As adolescence is often characterised by an increased occurrence, range, and intensity of emotional encounters, it was perhaps unsurprising that teenager’s accounts of emotional experiences on social media featured in almost all of the studies we found. 

For some, social media helped elicit positive emotions, such as feeling happy, engaged, and offering a temporary escape from reality. Other teenagers gave sharply contrasting accounts. They described how social media could feel like a surveillance culture, in which they worried about missing out on social news or events, or worse still, becoming the topic of social news. Others spoke about stressful pressure to connect to others and respond to messages which could lead to loss of important rest. 

While emotional stimulation can provide developmental opportunities, it also can increase vulnerability to adaptational difficulties, relevant to well-being. This is particularly important to adolescents, as their ability to regulate (or manage) emotions are in the process of developing during this time.

Pros and cons in the classroom

Learning is an established marker of well-being, particularly for young people. Several adolescents explained how social media in school provided access to information that allowed them to explore subjects and spark interest in new ones. Equally, adolescents also described how social media could dominate discussions and intrude into learning environments. These accounts appeared to relate to the concept of an “attention economy” whereby fast flow of eye-catching and distracting information on social media competes for attention with deeper styles of attention are required for complex problems.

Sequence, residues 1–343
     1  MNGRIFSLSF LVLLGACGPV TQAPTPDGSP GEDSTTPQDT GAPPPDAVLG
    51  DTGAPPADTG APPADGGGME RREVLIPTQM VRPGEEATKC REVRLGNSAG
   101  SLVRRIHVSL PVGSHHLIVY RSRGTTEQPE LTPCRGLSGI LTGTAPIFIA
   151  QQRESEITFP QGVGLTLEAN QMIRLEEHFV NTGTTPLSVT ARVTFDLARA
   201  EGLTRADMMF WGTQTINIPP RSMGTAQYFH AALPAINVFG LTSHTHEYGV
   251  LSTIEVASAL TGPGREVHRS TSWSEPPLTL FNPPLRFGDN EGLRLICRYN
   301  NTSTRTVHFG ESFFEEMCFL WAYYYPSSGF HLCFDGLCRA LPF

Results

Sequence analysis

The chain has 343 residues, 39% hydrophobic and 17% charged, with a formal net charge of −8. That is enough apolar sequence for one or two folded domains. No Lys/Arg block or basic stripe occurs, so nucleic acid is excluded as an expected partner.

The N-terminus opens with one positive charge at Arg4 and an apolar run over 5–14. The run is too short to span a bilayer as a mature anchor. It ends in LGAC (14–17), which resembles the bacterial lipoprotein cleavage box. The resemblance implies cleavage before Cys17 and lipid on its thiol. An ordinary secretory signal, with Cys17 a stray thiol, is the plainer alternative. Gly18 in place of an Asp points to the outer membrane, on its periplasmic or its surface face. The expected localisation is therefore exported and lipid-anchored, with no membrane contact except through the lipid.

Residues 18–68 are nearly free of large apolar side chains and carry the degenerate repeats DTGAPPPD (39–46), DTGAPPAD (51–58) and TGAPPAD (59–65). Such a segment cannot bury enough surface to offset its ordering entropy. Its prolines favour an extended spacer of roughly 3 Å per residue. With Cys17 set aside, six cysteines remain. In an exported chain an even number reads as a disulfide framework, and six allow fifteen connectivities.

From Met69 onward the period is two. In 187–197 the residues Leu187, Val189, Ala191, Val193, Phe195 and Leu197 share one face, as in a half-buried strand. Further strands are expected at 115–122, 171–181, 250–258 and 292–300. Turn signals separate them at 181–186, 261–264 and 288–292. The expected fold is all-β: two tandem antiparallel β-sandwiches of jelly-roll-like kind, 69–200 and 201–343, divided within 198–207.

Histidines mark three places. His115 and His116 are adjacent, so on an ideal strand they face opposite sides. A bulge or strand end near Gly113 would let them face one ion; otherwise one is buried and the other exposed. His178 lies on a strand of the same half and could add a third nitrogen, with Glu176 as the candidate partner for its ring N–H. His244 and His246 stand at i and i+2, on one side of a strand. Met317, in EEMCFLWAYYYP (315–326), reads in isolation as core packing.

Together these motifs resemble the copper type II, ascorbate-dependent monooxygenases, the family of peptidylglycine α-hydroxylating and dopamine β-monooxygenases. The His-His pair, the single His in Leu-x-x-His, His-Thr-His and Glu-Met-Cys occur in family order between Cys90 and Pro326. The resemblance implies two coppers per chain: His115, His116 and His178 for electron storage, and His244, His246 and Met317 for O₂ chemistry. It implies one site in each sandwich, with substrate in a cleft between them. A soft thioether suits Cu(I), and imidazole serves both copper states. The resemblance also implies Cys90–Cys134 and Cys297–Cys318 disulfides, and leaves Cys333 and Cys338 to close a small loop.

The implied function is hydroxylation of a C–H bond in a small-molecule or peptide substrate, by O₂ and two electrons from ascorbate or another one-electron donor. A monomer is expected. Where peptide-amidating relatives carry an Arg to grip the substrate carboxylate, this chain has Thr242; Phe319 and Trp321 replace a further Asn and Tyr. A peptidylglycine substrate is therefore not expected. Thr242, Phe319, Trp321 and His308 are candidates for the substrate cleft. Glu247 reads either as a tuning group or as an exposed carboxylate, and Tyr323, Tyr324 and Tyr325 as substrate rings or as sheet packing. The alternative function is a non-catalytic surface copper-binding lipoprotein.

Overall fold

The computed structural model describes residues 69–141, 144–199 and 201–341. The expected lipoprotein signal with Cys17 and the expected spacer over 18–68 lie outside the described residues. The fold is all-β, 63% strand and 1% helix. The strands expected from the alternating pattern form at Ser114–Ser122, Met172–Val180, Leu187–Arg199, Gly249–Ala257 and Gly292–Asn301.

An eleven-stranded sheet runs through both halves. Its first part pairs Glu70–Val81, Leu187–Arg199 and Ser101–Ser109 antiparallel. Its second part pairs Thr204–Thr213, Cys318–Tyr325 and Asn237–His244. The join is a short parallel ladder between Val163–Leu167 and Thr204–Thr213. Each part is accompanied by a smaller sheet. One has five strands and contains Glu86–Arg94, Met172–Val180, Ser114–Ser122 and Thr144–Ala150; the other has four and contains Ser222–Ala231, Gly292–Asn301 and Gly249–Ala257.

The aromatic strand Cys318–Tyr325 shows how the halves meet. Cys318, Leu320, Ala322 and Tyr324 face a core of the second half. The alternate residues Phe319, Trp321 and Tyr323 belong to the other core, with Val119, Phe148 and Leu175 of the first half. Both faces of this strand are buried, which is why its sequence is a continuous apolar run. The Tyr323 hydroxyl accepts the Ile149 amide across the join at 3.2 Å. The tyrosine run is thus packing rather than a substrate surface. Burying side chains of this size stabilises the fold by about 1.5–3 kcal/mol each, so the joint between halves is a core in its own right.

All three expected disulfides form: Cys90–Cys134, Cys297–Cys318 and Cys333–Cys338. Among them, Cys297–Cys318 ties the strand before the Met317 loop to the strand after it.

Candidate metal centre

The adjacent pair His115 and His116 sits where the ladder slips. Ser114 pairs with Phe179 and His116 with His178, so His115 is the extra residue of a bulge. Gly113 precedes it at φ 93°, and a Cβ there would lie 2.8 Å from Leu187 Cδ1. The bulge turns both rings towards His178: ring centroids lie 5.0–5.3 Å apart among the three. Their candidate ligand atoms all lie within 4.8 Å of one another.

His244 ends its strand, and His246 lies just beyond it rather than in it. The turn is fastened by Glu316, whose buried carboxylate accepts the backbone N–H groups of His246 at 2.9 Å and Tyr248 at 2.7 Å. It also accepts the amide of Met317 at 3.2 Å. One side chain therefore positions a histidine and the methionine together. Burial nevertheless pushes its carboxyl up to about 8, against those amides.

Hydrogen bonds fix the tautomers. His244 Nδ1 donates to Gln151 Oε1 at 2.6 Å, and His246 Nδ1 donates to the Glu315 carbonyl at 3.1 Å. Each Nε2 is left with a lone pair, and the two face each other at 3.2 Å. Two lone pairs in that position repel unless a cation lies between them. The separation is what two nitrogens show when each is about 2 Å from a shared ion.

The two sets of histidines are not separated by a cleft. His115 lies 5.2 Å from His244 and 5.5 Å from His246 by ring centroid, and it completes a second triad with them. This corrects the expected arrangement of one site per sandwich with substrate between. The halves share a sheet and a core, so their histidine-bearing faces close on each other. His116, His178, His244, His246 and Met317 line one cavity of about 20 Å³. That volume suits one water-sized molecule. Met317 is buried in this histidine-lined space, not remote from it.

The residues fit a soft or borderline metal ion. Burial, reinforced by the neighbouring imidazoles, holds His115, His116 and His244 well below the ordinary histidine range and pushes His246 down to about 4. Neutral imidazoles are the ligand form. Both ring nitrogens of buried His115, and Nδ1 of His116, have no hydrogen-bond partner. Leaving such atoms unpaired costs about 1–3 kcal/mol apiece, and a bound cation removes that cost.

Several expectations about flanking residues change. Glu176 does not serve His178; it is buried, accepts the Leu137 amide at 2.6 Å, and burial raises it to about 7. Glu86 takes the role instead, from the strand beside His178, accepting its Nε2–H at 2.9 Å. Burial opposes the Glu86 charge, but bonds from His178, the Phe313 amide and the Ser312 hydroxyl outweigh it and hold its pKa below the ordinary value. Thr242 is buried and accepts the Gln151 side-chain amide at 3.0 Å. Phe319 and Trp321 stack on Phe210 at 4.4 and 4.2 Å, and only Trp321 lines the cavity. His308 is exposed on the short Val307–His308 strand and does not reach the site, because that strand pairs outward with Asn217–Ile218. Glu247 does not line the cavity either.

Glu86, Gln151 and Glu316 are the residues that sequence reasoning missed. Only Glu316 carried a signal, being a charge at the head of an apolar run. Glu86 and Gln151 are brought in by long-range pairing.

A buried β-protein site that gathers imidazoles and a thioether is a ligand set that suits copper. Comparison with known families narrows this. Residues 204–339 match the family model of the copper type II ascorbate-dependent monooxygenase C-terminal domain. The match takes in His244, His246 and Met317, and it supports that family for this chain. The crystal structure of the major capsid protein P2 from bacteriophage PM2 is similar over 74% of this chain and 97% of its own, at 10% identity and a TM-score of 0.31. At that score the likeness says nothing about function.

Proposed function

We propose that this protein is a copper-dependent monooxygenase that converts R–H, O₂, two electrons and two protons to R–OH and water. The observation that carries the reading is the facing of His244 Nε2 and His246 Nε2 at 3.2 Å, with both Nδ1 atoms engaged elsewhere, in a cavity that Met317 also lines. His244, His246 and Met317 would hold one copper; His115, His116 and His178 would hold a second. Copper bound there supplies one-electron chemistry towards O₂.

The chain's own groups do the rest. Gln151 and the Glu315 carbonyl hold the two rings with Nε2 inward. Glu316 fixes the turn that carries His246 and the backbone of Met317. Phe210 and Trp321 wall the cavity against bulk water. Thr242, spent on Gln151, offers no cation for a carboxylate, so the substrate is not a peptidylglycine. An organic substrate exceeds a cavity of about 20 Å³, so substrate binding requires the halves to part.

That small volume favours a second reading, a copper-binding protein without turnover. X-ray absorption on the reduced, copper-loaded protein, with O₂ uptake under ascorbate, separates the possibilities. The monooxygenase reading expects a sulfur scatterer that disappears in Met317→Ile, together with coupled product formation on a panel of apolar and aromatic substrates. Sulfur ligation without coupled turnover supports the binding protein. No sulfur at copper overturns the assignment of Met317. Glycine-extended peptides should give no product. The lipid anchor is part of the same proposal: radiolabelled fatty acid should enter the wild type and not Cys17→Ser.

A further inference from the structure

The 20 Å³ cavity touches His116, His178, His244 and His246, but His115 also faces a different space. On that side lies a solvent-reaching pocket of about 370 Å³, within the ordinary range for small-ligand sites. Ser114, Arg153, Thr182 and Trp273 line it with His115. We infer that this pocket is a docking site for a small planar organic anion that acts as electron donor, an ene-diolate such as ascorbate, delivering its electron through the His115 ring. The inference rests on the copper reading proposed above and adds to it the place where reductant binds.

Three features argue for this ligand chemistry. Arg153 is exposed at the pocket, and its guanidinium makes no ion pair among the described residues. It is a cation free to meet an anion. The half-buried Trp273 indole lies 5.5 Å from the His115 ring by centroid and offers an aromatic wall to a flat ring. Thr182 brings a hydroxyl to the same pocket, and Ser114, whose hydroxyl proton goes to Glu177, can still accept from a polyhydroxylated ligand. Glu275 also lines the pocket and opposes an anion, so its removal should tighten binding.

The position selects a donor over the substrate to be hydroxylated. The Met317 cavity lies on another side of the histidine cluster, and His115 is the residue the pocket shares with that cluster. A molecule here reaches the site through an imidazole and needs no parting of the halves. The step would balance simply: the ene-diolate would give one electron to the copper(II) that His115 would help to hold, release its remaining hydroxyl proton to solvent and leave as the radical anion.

What needs to happen next?

We hope that the accounts and themes captured in our review may lead to more theoretically based and developmentally informed research. Young people are capable of providing rich, informative, and relevant accounts of the interactions between ever-evolving social media and well-being. Their views are rarely sought.

By encouraging adolescents to talk about aspects of well-being in a way that makes sense to them, and paying attention to issues such as age, gender, ethnicity, sexuality and culture, researchers will likely increase the validity of any future findings. This may perhaps allow for a more balanced, nuanced understanding of this important topic.

Read the full paper: Adolescent social media use and wellbeing – a systematic review and thematic meta-synthesis


Griffin, A. (2017). Adolescent neurological development and implications for health and well-being. Healthcare, 5, 62–76.

Odgers, C. L., Schueller, S. M., & Ito, M. (2020). Screen time, social media use, and adolescent development. Annual Review of Developmental Psychology, 2(1), 485–502.

Rogers, C. R. (1961). On becoming a person: A therapist’s view of psychotherapy. Houghton Mifflin

Shankleman, M., Hammond, L., & Jones, F. W. (2021). Adolescent Social Media Use and Well-Being: A Systematic Review and Thematic Meta-synthesis. Adolescent Research Review, 1-22.